Combined-modality treatment of small-cell lung cancer: Randomized comparison of three induction chemotherapies followed by maintenance chemotherapy with or without radiotherapy to the chest

R. A. Joss, P. Alberto, E. A. Bleher, C. Ludwig, P. Siegenthaler, G. Martinelli, C. Sauter, E. Schatzmann, H. J. Senn

Research output: Contribution to journalArticlepeer-review

Abstract

Background: From 1980 to 1983 the Swiss Group for Clinical Cancer Research (SAKK) performed a randomised phase III trial in patients with small-cell lung cancer with the objective of improving the results of induction chemotherapy and defining the role of consolidating chest irradiation. Patients and methods: Patients were initially randomised to induction arms AVP (adriamycin, etoposide and cisplatin given every four weeks for four cycles), EVA (cyclophosphamide, etoposide and adriamycin given every four weeks for four cycles) or MOC/AVP (methotrexate, vincristine, cyclophosphamide alternating with adriamycin, etoposide and cisplatin given for two cycles). All patients received prophylactic cranial irradiation with 30 Gy, and after four months of induction chemotherapy were randomized to maintenance chemotherapy with or without consolidating chest irradiation. The patients in the combined-modality maintenance arm first received radiation therapy to the chest (45 Gy) followed by MOC/EVA chemotherapy. Results: 266 patients were eligible and evaluable. An overall response rate of 70% with 21% of complete remissions, a median survival of 9.3 months and survival of 8% of the patients at two years were observed. The highest objective response rate was achieved with the AVP-induction chemotherapy with an 80% response rate and 32% complete remissions. Similar results were achieved with the alternating regimen of MOC/AVP. In contrast, patients treated with the EVA induction regimen had significantly lower overall remission (56%) and complete remission rates (7%). The role of consolidating chest irradiation could not be clarified in limited-disease patients due to the small number of them who were randomised to the maintenance part of the study. However, in patients with extensive disease in partial remission after induction treatment, combined maintenance therapy had a more significant adverse effect on survival than maintenance chemotherapy alone (median survival in the maintenance phase of 148 days versus 239 days, p = 0.011). Conclusion: We conclude that the combination of adriamycin, etoposide and cisplatin is an active induction treatment. Consolidating chest irradiation is contraindicated in patients with extensive disease in partial remission after induction when given in a sequential manner, as in our trial.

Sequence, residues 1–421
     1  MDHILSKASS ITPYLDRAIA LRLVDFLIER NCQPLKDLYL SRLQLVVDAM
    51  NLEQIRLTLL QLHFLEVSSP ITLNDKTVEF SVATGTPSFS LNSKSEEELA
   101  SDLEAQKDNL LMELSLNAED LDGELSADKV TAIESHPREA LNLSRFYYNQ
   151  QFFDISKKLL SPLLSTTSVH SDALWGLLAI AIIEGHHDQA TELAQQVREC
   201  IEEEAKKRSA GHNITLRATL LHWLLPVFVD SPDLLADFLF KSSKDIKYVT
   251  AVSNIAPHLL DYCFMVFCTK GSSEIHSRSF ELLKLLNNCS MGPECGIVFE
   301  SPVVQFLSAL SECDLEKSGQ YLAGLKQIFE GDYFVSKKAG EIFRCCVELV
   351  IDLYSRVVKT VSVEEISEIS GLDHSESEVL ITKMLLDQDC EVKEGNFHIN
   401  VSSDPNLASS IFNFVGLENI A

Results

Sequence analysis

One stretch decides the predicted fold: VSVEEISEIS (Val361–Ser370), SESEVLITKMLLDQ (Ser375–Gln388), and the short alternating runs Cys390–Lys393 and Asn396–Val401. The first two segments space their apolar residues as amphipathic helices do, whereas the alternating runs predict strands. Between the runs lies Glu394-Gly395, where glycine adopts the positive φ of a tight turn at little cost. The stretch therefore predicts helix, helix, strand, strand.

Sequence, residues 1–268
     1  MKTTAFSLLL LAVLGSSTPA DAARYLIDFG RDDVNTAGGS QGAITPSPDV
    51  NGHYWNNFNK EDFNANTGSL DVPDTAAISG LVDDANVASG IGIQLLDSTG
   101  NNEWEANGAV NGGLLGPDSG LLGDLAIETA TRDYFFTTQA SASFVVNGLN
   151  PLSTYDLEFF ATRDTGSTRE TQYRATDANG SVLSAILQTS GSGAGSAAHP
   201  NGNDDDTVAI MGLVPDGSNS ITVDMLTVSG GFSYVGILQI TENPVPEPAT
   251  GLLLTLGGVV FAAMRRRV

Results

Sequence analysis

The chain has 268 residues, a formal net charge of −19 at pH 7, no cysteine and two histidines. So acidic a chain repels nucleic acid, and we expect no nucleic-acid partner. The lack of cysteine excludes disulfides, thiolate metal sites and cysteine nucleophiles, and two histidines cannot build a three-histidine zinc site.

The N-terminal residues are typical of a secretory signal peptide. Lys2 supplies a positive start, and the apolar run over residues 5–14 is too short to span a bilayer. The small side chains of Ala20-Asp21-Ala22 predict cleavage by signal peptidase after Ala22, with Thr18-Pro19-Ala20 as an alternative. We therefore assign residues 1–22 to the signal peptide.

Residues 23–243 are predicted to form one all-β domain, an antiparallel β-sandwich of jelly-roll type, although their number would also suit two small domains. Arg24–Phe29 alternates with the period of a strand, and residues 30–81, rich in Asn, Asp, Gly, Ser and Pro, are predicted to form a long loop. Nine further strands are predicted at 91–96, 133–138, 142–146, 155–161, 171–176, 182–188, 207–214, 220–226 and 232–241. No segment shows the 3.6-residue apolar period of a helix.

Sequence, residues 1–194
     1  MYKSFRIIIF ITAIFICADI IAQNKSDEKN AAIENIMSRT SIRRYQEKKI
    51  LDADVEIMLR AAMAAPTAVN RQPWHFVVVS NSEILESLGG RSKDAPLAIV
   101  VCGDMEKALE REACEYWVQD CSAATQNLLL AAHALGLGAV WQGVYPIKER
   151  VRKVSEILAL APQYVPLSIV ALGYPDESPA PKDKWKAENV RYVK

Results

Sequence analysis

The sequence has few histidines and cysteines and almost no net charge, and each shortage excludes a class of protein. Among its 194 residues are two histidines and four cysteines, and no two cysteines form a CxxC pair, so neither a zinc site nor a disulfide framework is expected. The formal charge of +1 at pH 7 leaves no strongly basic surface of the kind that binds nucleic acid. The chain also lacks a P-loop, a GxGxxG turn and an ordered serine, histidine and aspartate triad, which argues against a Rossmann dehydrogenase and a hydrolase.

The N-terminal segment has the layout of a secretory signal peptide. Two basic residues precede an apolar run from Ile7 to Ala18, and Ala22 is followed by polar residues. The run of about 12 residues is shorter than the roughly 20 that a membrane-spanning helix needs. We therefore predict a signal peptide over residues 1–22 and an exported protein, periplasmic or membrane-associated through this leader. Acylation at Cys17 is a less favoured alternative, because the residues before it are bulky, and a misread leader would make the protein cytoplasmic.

Original languageEnglish
Pages (from-to)921-928
Number of pages8
JournalAnnals of Oncology
Volume5
Issue number10
Publication statusPublished - 1994

Keywords

  • Alternating chemotherapy
  • Chemotheragy
  • Combined-modality treatment
  • Radiotherapy
  • Small-cell lung cancer

ASJC Scopus subject areas

  • Cancer Research
  • Oncology
  • Statistics, Probability and Uncertainty
  • Applied Mathematics
  • Public Health, Environmental and Occupational Health
  • Neuropsychology and Physiological Psychology
  • Hematology

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